The United States State Department has suspended the sale of 26,000 military assault rifles to the Philippine National Police due to opposition to the sale by Senator Ben Cardin, a member of the US Senate Foreign Relations Committee.

A member of the special police force takes position in Caloocan City, Metro Manila, Philippines early October 14, 2016.

© 2016 Reuters

Cardin opposed the deal due to “concerns about human rights violations in the Philippines.” That’s well-justified, as the police are deeply implicated in President Rodrigo Duterte’s abusive “war on drugs,” which has resulted in the deaths of nearly 5,000 Filipinos since he took office in June.

The National Police’s own data indicate that the campaign resulted in the police killing at least 1,736 “suspected drug personalities” between July 1 and October 28. That’s more than twentyfold the 68 recorded between January 1 and June 15. Police say an additional 3,001 alleged drug users and drug dealers were killed in that July-October period by “unidentified gunmen.” Police have attributed the police killings to suspects who “resisted arrest and shot at police officers,” but have not provided further evidence that the police acted in self-defense. Police Director-General Ronald dela Rosa has characterized the killings as proof of an “uncompromising” police approach to drug crimes.

The State Department’s decision is the first real US move to put teeth in its criticism of the spiraling death toll Duterte’s “drug war.” And it’s hit the police where it hurts: dela Rosa has said it “has a huge effect” on police efforts to expand their arsenal. But he can’t say that he didn’t see it coming. Senator Cardin castigated the abuses linked to Duterte’s anti-drug campaign during a September 26 Senate Colloquy as “systematic, wide-spread, brutal, and beyond the bounds for a constitutional democracy.” In that same colloquy, Senator Patrick Leahy warned of possible “further conditions on assistance to the Duterte government to ensure that US taxpayer funds are properly spent and until that government demonstrates a commitment to the rule of law.”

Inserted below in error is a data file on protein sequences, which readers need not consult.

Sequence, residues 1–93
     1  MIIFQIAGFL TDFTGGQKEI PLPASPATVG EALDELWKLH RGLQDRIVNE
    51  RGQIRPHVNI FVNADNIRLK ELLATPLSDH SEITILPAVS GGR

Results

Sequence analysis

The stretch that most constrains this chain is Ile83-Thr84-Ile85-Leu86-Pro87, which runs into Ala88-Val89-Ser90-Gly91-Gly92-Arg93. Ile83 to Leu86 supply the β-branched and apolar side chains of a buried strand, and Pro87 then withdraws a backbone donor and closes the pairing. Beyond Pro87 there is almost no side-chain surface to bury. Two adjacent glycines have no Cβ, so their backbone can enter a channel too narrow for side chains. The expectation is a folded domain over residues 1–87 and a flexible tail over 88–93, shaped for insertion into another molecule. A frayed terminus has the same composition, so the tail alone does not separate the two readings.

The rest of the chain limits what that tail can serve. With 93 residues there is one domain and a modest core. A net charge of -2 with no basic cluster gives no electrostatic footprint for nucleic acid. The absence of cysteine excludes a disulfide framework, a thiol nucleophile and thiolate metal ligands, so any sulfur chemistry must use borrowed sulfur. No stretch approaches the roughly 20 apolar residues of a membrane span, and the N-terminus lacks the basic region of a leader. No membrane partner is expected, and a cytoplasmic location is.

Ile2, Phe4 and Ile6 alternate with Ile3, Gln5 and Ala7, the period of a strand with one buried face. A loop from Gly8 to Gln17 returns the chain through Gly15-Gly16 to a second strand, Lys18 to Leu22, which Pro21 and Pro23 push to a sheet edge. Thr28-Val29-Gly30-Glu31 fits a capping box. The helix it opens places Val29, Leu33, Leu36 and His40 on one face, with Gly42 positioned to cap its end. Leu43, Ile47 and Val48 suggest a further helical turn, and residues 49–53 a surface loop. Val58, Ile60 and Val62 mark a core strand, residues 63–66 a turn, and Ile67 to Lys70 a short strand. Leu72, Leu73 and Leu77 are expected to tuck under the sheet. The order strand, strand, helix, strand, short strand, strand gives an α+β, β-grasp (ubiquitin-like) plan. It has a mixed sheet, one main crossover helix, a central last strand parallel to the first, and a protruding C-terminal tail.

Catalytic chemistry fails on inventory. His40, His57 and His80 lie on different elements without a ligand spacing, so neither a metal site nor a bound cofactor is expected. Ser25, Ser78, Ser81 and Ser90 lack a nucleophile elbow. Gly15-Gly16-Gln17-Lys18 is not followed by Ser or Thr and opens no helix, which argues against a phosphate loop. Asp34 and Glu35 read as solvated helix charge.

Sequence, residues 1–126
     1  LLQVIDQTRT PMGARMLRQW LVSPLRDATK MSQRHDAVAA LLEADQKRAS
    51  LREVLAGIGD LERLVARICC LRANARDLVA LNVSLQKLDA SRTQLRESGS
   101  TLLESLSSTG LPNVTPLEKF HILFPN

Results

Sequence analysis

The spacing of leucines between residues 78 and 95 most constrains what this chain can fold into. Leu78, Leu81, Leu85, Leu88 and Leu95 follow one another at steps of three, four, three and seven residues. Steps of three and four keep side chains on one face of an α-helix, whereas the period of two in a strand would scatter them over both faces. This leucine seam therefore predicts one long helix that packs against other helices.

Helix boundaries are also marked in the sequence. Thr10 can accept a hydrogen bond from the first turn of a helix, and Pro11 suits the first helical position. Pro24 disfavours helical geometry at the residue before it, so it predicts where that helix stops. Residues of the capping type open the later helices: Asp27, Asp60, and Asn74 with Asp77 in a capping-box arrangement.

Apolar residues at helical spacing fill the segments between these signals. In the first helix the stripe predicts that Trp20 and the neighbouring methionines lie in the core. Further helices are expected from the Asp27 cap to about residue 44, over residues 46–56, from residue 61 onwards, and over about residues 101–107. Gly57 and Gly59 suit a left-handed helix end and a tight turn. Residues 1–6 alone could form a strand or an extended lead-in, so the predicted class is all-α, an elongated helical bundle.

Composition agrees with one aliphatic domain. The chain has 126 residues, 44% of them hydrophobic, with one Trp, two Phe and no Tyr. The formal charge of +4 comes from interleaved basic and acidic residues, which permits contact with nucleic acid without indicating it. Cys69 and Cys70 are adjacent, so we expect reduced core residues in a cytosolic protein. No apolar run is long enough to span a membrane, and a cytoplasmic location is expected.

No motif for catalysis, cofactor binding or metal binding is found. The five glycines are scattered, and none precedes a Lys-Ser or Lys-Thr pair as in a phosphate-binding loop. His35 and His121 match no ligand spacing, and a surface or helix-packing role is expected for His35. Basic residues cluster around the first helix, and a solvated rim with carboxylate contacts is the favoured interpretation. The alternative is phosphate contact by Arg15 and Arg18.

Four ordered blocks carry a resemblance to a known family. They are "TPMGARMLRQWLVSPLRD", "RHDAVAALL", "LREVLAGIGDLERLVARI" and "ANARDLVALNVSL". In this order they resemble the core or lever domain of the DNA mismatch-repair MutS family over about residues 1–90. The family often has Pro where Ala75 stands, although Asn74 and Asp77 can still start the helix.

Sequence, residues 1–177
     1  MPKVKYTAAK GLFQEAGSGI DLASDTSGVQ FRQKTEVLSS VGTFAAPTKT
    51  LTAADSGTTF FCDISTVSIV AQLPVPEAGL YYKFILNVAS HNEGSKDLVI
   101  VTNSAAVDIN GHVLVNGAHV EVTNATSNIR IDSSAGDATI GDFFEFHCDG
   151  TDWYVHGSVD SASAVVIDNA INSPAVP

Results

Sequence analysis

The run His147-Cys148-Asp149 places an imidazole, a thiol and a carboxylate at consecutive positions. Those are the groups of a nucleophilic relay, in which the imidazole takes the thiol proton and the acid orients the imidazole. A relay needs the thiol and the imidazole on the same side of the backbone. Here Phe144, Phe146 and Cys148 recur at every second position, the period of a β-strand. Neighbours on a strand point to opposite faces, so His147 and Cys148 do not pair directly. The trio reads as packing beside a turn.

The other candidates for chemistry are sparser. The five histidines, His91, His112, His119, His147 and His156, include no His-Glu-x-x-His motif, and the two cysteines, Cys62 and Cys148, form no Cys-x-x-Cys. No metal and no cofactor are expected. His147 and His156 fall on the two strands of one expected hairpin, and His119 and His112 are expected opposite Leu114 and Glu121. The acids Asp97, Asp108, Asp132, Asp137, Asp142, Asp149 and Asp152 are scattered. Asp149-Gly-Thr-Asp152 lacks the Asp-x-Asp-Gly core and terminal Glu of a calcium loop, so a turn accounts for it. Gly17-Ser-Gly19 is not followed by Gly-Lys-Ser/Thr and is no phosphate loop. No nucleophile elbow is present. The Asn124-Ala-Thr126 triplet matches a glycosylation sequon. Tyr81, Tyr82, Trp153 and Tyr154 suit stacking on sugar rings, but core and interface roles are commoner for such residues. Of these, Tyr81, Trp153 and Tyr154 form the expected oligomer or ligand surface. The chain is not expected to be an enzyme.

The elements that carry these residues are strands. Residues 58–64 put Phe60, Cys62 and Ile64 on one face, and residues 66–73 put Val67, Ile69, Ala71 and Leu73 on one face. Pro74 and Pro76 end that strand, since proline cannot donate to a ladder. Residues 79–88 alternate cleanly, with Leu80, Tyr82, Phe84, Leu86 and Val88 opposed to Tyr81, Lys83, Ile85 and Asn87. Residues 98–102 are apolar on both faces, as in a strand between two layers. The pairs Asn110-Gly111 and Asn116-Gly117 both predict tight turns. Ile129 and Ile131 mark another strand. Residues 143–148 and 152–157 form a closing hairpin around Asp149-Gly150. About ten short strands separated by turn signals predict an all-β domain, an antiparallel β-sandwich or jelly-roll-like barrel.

Duterte and dela Rosa are now on notice that the blood-letting they have encouraged carries a cost with its longtime ally. And that other US funding to the Philippines police, including $9 million in State Department aid for counternarcotics and law enforcement programs for 2017 and $32 million in assistance pledged by US Secretary of State John Kerry in July, may be at risk unless they stop the killings and honor their government’s obligation to defend, rather than abuse, the rights of Filipinos.